Callum: ‘I had this idea for a community… I just thought… I was watching this TV programme, and there was this big, like, community with allsorts of things from the future and things from the past and from the present…. .so you have Aztec temples and rocket stations and stuff….. It was just a show, a real life thing, but with loads of… like a live action thing – and I thought ‘hey that’s a really good idea, I wonder how I could make something similar’. First I thought about a sketch or something but then I thought ‘hey!’ and then I did it on Minecraft.’
‘What I really love with Minecraft is you can just build anything you want, I mean, before Minecraft it was just dreams people had, and it was just really frustrating because you couldn’t make it in real life… For me, it’s, like, the next best thing to real life. The second most realistic thing, even though it’s make of blocks!’
Finally, as we reached the end of the session, Rob drew our attention to a hole in the ground, demonstrating why he had not perhaps had his full attention on finishing his sign:
Inside revealed a basement had been dug and filled with Endermen and zombies, recalling the subversion of gameplay often seen during the early stages of the club.
I have written previously about my use of David Gauntlett’s ‘Identity Models’ approach in order to discuss the club with the children, adapted to take place in Minecraft. This post relates to the second discussion session that took place before Christmas, the week after session #7 of the club.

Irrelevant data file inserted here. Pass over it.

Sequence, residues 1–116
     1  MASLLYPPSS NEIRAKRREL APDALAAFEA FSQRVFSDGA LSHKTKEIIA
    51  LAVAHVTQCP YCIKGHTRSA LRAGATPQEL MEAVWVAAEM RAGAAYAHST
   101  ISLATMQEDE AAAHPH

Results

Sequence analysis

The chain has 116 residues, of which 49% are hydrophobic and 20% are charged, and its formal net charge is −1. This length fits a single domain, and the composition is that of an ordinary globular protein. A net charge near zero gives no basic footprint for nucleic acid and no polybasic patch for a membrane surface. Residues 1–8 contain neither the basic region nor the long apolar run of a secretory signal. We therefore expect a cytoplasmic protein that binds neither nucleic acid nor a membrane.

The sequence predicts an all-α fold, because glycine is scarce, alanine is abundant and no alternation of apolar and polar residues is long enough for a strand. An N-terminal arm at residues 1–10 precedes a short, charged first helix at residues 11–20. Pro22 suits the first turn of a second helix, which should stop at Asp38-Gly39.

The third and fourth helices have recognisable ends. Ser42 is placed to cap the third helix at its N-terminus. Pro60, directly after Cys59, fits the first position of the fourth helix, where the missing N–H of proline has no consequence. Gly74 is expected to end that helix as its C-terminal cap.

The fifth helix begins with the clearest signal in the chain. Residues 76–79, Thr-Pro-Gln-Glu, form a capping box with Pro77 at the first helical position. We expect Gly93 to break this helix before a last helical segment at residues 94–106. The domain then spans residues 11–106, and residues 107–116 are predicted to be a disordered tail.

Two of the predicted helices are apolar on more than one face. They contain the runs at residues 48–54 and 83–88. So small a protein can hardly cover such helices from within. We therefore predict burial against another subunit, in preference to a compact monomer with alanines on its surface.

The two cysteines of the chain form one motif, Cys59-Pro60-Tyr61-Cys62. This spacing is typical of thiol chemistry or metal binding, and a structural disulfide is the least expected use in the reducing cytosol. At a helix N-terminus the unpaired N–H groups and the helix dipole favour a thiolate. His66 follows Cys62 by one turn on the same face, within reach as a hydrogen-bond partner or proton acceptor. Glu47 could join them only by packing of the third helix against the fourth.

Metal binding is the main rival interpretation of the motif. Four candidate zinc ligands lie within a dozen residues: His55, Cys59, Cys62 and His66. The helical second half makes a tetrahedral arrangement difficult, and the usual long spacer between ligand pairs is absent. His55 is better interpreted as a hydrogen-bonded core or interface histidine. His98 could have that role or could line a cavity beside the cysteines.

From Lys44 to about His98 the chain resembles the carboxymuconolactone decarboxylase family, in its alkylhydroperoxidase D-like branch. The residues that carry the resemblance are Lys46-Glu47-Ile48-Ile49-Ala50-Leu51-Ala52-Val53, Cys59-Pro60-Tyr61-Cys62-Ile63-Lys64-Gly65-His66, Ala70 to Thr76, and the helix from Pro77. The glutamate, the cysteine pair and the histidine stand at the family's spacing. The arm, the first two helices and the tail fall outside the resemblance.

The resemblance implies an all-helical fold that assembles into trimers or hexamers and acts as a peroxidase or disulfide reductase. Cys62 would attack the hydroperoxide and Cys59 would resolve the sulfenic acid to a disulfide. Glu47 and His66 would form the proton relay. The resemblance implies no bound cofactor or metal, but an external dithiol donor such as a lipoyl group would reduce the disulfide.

Four girls took part in the session, each accessing the shared Minecraft world on the iPads. I also entered the world, recording my screen using quicktime on my laptop, mirrored from the iPad. The children could also see my perspective on the laptop screen. I decided to continue using the same map used by the boys in the previous session in order to allow the players to see the models created by others. The idea of having an ongoing second world running in parallel with the whole-group world of the club was also appealing, not least as it would allow me to maintain some sort of historical record of the children’s models.
Again, I asked the children to create a model to convey their feelings about Minecraft and the club. Mindful of the seemingly default position taken by the last group of children who ended up producing very Minecraft-y buildings, I attempted (in retrospect, at annoyingly unnecessary length) to encourage the children to think of their creations as sculptures, drawing on their knowledge of the Yorkshire Sculpture Park as a point of reference.
1. Molly’s model – relating to collaboration, togetherness and imagination
Me: Are you going to show me around then?
Molly: Yeah. I’ll show you around. Ok, so basically…
Sophie: Nice one Molly, so is that your little castle? I can see it on Mr Bailey’s screen.
Molly: Ok, right, so basically, the signs are the eyes. The glass is the nose. The bricks are the eyebrows. Ummm.. the white stuff is the teeth… um…
Mia: Big grin…
Molly: Thank you.
Freya: Let’s have a look. Hahaha!
Molly: And, um, the torches are spyhole and I’m just gonna do brown things for hair.
Me: Great. And you’ve written on it.
Molly: Ummm… ‘I love Minecraft because it makes me feel happy’
Me: Can you explain… can you think about why?
Molly: Yeah umm…
Mia: It brings people together.
Molly: Cos it brings people together, its really fun to play and you’re doing it with your friends, So it’s basically your world, so you can, basically use your imagination, you can do everything you want.